• France's news in English
France deploys 300 extra soldiers after attacks
Hundreds of extra soldiers will be on duty across France over Christmas. Photo: AFP

France deploys 300 extra soldiers after attacks

The Local/AFP · 23 Dec 2014, 13:29

Published: 23 Dec 2014 13:29 GMT+01:00

Facebook Twitter Google+ reddit


  • Three attacks in three days leaves France on edge
  • PM announces up to 300 extra soldiers to be deployed over Christmas
  • One of those injured in Nantes Christmas market attack by driver has died
  • Terrorism has been ruled out in both driver rampages in Nantes/Dijon
  • PM Manuel Valls calls for "unity" to fight "hatred and intolerance"

Prime Minister Manuel Valls sought to ease concerns in France on Tuesday over a spate of seemingly unrelated but bloody attacks, saying up to 300 soldiers would be deployed around the country to ensure security.

While the motives behind the incidents -- a knife attack on police and two cases of cars ploughing into passers-by -- remain unclear, the violence has jarred nerves after repeated jihadist calls for "lone wolf" action in France over its fight against Islamic extremism.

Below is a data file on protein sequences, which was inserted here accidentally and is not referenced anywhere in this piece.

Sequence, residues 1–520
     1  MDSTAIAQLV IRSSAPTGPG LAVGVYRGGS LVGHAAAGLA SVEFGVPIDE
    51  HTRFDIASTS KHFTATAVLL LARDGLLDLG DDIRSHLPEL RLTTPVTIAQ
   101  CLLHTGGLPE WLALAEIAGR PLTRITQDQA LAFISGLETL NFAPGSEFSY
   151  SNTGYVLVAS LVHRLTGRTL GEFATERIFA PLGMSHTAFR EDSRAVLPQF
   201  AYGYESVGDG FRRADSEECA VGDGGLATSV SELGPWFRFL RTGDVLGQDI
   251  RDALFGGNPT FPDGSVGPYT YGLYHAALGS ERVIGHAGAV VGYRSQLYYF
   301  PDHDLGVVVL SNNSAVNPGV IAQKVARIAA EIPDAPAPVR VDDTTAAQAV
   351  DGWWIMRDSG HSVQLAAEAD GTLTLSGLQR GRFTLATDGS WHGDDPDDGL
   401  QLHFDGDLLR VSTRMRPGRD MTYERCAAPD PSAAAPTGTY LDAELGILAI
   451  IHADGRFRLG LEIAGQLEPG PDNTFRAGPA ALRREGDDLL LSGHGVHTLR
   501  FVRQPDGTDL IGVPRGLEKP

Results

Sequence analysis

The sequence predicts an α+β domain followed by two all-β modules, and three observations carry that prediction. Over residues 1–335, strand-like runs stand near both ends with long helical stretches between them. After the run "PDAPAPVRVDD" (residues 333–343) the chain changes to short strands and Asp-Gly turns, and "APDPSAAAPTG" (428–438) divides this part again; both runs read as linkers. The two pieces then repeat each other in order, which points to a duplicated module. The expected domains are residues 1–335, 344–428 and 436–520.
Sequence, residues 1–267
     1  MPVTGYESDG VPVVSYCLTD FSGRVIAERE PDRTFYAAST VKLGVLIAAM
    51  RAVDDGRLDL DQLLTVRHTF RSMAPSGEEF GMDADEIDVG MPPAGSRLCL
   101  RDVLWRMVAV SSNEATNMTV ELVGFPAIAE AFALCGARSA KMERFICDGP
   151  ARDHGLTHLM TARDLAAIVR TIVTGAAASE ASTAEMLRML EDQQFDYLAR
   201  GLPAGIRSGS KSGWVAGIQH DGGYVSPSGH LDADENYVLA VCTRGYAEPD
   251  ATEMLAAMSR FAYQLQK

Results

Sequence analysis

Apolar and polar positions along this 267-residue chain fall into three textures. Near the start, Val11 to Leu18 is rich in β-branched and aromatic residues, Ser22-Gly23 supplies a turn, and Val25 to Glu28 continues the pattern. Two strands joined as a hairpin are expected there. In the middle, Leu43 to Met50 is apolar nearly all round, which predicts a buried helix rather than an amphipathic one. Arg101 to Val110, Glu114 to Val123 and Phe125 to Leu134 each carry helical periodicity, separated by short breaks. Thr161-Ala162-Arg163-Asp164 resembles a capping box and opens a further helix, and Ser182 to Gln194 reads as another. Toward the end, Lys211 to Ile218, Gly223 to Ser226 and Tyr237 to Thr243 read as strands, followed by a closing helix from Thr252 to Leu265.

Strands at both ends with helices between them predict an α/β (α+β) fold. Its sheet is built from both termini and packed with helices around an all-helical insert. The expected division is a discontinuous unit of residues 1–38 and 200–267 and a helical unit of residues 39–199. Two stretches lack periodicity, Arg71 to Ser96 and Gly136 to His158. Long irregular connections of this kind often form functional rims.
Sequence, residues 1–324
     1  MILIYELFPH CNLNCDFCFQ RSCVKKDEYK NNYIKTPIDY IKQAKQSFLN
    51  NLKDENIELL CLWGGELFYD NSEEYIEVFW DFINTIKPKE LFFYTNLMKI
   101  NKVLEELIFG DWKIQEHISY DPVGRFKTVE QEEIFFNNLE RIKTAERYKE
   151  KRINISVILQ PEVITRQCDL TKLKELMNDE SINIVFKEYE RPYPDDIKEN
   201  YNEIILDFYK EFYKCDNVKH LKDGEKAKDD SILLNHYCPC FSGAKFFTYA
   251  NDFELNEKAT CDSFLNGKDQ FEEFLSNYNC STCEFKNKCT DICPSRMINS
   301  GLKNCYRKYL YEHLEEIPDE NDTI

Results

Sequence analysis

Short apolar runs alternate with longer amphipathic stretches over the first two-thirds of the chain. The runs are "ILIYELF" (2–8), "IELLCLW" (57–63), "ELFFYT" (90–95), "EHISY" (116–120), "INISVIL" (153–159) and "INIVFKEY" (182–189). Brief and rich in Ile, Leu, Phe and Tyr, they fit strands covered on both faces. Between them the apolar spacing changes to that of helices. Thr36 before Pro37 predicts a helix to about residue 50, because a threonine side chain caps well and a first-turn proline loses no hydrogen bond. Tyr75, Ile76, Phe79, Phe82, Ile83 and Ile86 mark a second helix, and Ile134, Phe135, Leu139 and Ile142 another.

"The number of patrols will be increased during this (Christmas) period. Two hundred to 300 extra soldiers will be deployed in the coming hours" on top of the 780 already on patrol, he said live on television.

Above all Valls appealed to the country to stay together.

'We must fight hatred and intolerance'

“I appeal for unity and national harmony,” he said. “Democracy is never stronger against violence and terrorism than when it respects and promotes its own values. All of our society must mobilize against radical violence and the rise of hatred and intolerance”.

Valls and the Interior Minister Bernard Cazeneuve will travel to Nantes on Tuesday a day after a driver mowed down shoppers at a Christmas market in the city.

Authorities have been eager to stress there were no apparent terrorist motives in Monday night's attack in Nantes, describing the perpetrator as "unbalanced".